Both technological design elements and clinical care integration likely contribute to an mHealth tool’s success or failure . Tools that only enable tracking and display of user data may build awareness but are likely insufficient to engage individuals in health behavior change [ - ] and surmount the burden of data entry [ ]. Rather, mHealth tools that support the Chronic Care Model’s vision of closed feedback loops and patient-clinician partnership, through making data relevant, understandable, and actionable and by facilitating collaboration, are more likely to be adopted and retained [ , ]. Beyond the technology itself, purposeful integration with clinical care, so that both patients and clinicians understand the why and how of incorporating mHealth tools, is paramount to achieving impact [ , , ].
The purpose of this study is to test the feasibility, acceptability, and short-term impact of using an mHealth tool to facilitate the Chronic Care Model’s vision of closed feedback loops and patient-clinician partnerships. As there was no available commercial platform that reliably enabled the functionality needed to support the Chronic Care Model’s approach to continuous care, we developed an mHealth tool with patient and clinician end users to support pediatric chronic care during and between clinical encounters. The Orchestra platform  was designed to enable proactive and collaborative chronic care through (a) real-time sharing and visualization of clinical and patient-generated (ie, patient-reported outcome, PRO) data, (b) automated symptom surveillance with actionable alerts to signal changes in patient status based on patient-generated data, and (c) collaborative previsit planning. As a first step, this prospective, preliminary pre-post study tested Orchestra in 2 pediatric chronic diseases (cystic fibrosis [CF] and inflammatory bowel disease [IBD]). We hypothesized that parents, patients, and clinicians would find Orchestra feasible and acceptable and that we would see signals of clinically meaningful impact.
Setting and Patient Population
This study was conducted within the IBD and CF clinics at Cincinnati Children’s Hospital (CCH; Ohio, United States) and was approved by the CCH Institutional Review Board (#2014-0975). We conducted the work at CCH because of our existing relationships with clinics that had an interest and ability to partner with us in this proof-of-concept study. We used a convenience sample of patients and parents from the CCH CF and IBD clinics. The CF and IBD clinics were chosen to ensure that our study included conditions that varied in disease course, management, and time demands associated with daily care. Eligible participants were patients with IBD or CF aged between 14 and 21 years and/or a parent or legal guardian of patients aged between 0 and 21 years. If a patient was less than 14 years old, only their parent was enrolled in the study and used the Orchestra app. If a patient was older than 14 years, the family decided if only the patient, only the parent, or both would enroll and use the Orchestra app. Participants were English speaking or reading and had a smartphone (iOS or Android) with a mobile data plan and/or internet connectivity.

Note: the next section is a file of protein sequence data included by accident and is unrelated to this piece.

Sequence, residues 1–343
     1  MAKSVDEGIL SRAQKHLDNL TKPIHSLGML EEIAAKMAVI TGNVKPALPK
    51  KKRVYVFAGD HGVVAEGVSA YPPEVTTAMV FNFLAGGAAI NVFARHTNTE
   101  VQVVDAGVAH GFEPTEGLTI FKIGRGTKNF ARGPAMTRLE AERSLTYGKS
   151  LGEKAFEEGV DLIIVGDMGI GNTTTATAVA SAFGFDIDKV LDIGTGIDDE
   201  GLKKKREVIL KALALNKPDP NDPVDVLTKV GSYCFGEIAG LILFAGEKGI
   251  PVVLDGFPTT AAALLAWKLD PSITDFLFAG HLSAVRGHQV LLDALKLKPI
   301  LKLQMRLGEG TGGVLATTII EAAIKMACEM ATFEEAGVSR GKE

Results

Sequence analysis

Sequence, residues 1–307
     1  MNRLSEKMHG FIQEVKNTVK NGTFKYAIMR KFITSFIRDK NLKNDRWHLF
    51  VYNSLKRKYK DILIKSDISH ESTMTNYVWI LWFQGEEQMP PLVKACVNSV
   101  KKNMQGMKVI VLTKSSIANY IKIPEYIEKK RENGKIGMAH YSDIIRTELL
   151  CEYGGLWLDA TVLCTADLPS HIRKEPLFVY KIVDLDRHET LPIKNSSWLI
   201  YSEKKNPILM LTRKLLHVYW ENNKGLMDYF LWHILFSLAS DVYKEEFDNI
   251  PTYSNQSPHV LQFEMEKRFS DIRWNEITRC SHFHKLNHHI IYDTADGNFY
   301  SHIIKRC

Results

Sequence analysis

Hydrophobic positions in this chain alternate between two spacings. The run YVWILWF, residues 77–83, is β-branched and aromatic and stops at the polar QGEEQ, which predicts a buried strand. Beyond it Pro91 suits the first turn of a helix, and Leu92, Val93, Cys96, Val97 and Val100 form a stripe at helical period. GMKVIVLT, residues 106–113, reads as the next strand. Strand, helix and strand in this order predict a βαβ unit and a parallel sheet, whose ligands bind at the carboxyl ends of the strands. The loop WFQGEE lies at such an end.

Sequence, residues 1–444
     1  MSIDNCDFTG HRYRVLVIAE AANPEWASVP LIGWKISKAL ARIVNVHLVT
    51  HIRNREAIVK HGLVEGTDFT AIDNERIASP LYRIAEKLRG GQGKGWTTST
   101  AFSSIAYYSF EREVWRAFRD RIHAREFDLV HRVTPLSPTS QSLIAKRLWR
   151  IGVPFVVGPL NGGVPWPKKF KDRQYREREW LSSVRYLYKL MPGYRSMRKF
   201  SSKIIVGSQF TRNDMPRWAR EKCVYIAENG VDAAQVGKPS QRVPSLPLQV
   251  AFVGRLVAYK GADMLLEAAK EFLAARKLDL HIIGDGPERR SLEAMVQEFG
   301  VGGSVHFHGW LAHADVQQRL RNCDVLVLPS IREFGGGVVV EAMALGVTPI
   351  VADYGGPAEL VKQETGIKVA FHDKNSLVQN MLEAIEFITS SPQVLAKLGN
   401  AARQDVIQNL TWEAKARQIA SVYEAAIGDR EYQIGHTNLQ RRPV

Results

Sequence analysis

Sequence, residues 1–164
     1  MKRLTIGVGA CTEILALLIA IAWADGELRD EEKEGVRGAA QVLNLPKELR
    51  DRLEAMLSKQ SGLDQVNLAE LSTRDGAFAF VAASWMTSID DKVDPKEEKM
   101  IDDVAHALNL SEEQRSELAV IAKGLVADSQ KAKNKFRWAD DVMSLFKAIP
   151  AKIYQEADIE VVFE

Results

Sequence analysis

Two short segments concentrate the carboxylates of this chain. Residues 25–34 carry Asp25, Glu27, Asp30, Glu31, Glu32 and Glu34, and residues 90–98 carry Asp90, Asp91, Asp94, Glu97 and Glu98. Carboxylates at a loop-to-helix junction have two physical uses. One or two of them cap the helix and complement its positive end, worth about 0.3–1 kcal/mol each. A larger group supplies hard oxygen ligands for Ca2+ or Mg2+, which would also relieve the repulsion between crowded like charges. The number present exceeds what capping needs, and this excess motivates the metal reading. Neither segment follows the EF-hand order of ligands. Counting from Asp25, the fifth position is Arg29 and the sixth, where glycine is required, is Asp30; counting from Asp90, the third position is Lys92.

Study Design and Protocol
This was a preliminary, prospective pre-post, proof-of-concept study. Recruitment began in May 2015 and continued for 1 year. Follow-up data collection was completed in fall 2016. Eligible participants were identified via clinic rosters and were contacted by research staff, who were not part of the clinical team, before or at a clinic visit. Interested participants watched a 3-min video  describing Orchestra while waiting for their visit and then discussed with their clinicians how they might use Orchestra as part of their care. Following the visit, participants met with staff to sign the informed consent form, download the Orchestra mobile app, and customize settings. Participants were enrolled for 6 months.
Orchestra Technology Platform
The Orchestra technology platform  was developed with clinicians, patients, and parents via a user-centered, agile design process. The platform included a patient- or parent-facing mobile app and a linked clinician-facing web-based dashboard. Patient or parent functionality included the following ( ):